The History of the Commerce Undergraduate Society
Before the CUS
The first precursor to the Commerce Undergraduate Society was formed in 1932. Students of Commerce in the Faculty of Arts formed a student club under the wing of the UBC Alma Mater Society, called the Commerce Club. Interest in the club dwindled by 1936, and the club was disbanded due to lack of interest. However, the creation of the Department of Commerce in 1939, and the subsequent split from the Department of Economics in 1940, led to renewed interest. In 1940, Commerce students elected Ernest C. Harvey as class president. Harvey would later on become retroactively known as the first CUS president. A more robust, but still unofficial, student government formed shortly after, with a group of students forming the Commerce Executives under Commerce president Jack Moxon. The next year in 1942, president Hugh Hall reformed the Commerce Club, bringing the group under the wing of the AMS once again. The club thrived, and after two years of negotiations and effort, the Commerce Undergraduate Society was officially formed on October 10th, 1944. Stuart Porteous, and outspoken and involved student leader, would become the first president of the CUS.
The Early Years
Working with Commerce department head Ellis H. Morrow, the CUS quickly gained legitimacy, hosting popular events and launching campus-wide initiatives. The Commerce Undergraduate Society Banquet became the organization’s flagship annual event, hosting thousands of attendees at the Hotel Vancouver downtown. By 1947, the CUS, the Arts Undergraduate Society, and the Pre-Med Undergraduate Society, received stewardship of several of the war huts behind Brock Hall, unused since the end of the war, to serve as their offices. The CUS initiated many longstanding traditions in the following years, first publishing the Ledger Magazine (precursor to the Cavalier newspaper) and the Balance Sheet Newsletter (precursor to the CUSunday) in the 1950’s. With the enthusiastic support of the Dean, POITS (the CUS’ beer garden) was founded in the 1960’s.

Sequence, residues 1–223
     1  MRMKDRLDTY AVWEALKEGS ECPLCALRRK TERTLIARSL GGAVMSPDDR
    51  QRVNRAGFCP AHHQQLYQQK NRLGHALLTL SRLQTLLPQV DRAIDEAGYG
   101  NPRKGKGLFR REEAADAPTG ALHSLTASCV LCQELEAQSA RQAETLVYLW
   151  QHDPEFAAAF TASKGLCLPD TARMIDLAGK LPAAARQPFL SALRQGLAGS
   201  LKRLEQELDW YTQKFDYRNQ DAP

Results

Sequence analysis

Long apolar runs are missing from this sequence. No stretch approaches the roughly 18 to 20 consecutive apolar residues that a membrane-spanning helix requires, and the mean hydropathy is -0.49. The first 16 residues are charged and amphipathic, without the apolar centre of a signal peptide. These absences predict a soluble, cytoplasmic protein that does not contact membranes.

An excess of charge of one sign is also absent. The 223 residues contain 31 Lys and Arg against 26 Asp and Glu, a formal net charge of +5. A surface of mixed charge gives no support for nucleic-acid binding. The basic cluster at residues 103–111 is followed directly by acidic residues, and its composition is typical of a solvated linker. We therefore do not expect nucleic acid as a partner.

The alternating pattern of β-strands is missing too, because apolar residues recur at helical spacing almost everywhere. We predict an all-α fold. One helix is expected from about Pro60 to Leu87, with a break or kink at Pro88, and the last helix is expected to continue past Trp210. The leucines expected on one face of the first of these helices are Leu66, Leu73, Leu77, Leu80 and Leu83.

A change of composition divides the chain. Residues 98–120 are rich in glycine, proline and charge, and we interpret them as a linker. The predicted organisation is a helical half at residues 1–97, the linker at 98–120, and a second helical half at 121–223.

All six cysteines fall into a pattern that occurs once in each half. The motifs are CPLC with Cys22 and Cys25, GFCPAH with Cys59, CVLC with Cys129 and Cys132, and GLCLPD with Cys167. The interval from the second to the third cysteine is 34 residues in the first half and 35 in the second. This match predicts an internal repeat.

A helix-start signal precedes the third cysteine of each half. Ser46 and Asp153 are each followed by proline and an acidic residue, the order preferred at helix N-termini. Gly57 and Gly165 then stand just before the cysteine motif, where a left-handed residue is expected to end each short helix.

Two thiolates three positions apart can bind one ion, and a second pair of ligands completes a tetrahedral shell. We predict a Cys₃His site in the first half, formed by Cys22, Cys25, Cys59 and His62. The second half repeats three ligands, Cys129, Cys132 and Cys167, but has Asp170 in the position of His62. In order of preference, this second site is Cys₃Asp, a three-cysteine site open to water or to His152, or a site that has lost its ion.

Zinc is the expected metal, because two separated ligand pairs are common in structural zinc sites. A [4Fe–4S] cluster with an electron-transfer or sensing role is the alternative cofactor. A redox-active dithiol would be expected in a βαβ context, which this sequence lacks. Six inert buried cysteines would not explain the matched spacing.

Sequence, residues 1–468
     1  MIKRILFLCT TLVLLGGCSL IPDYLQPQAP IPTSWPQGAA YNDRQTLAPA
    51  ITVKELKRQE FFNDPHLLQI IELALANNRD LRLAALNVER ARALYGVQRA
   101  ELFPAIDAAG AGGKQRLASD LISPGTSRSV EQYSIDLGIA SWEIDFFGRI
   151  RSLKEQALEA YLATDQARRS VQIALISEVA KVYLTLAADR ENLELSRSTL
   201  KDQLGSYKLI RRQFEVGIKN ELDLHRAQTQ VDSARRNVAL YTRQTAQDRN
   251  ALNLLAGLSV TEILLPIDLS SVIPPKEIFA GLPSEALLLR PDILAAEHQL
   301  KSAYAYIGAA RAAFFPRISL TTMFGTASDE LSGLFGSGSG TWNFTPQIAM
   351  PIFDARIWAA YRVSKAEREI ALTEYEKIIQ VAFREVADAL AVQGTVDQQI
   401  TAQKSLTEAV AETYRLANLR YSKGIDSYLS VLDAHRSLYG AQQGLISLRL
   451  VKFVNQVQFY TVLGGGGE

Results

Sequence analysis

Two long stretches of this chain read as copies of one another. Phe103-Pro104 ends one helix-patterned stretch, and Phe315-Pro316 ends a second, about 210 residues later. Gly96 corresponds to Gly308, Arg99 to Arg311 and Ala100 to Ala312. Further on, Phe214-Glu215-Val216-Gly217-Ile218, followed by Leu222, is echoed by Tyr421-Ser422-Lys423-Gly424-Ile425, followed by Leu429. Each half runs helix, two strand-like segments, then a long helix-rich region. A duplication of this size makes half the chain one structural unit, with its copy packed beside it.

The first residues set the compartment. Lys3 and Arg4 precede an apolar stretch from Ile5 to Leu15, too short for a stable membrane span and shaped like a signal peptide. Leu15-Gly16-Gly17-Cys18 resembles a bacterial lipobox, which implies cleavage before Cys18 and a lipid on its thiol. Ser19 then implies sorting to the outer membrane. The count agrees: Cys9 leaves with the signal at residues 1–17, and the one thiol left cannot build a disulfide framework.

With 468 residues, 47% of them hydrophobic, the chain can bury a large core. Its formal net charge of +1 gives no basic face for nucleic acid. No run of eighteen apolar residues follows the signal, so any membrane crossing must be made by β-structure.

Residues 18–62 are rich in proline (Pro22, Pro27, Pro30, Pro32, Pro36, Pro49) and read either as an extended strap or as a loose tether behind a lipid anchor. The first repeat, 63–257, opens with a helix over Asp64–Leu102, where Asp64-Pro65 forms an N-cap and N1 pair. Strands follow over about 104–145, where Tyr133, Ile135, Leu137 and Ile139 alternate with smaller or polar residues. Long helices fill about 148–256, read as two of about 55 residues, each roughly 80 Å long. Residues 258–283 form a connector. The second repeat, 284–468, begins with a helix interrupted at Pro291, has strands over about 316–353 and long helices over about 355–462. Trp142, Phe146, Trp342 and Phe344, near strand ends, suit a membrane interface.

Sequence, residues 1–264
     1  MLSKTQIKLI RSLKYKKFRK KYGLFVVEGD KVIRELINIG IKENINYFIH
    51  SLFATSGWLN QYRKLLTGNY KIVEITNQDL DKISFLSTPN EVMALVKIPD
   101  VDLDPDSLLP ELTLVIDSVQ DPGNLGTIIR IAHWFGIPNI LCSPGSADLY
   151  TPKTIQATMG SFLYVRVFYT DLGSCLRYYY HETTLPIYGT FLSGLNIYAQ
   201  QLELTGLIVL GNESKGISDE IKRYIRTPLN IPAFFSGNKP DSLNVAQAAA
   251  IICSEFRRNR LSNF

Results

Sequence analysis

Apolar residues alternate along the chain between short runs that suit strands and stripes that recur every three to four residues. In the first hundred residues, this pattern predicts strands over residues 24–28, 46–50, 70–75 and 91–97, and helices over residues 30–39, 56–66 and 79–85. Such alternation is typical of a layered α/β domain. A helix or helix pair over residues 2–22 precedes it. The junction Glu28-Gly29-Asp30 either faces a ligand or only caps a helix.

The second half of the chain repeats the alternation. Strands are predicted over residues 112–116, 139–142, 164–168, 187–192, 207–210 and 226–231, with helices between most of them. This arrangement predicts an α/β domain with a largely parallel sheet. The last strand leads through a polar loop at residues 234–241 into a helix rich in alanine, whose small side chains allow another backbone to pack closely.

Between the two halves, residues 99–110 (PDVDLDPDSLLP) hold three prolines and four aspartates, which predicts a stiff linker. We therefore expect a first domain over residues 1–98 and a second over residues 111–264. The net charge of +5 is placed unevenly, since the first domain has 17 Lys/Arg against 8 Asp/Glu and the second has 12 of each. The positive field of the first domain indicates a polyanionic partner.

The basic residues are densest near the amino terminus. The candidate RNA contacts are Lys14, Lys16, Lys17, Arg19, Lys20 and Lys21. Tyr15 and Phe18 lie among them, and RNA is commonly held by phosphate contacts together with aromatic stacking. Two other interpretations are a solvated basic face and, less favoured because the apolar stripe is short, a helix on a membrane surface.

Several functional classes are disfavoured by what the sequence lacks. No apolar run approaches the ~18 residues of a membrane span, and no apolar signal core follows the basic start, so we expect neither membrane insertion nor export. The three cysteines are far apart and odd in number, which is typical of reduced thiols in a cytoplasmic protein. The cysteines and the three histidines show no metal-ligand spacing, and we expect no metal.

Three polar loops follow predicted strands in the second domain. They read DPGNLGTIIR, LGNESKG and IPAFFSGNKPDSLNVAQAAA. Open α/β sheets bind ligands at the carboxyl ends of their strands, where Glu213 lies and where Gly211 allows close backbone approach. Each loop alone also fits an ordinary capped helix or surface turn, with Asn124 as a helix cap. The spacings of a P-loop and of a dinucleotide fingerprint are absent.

A Modern CUS
By the 1970’s, costs of running the society were increasing, and a referendum was held to raise a $2.00/year student fee. The referendum garnered 83% approval, and the student fee was successfully levied. The 1990’s were a decade of fee increases, seeing the student fee raised from $2.00 to $6.00 to $266.00 over the course of ten years. With the money raised from the student fees, the turn of the millennium brought about many notable events still recognizable today. Me Inc, Imprint, Enterprize, and many other conferences were first launched, and president Jeff Potter successfully brought the Jeux de Commerce, an Eastern inter-university case competition, out to Western Canada, with the West Coast competition becoming JDC West. The composition of the CUS changed drastically as well, with the implementation of a constitution and a code of procedures to set out our goals, visions, and practices. Throughout its lengthy history, the CUS has seen ups and downs. From getting sued in student court to launching Western Canada’s largest case competition, we’ve accomplished much since 1944. All this has been made possible through the selfless contributions of our student volunteers and leaders, and what we accomplish from here on out is up to you to decide.